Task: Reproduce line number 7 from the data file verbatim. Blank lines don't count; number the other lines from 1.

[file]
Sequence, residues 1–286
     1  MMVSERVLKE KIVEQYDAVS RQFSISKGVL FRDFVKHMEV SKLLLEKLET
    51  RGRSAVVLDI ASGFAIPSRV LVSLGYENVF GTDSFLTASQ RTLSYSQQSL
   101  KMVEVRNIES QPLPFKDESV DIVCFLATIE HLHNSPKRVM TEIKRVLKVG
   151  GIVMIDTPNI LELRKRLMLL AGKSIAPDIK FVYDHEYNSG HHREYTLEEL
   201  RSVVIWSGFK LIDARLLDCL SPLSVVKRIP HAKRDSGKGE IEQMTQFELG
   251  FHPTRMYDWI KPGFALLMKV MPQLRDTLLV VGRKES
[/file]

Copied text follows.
   251  FHPTRMYDWI KPGFALLMKV MPQLRDTLLV VGRKES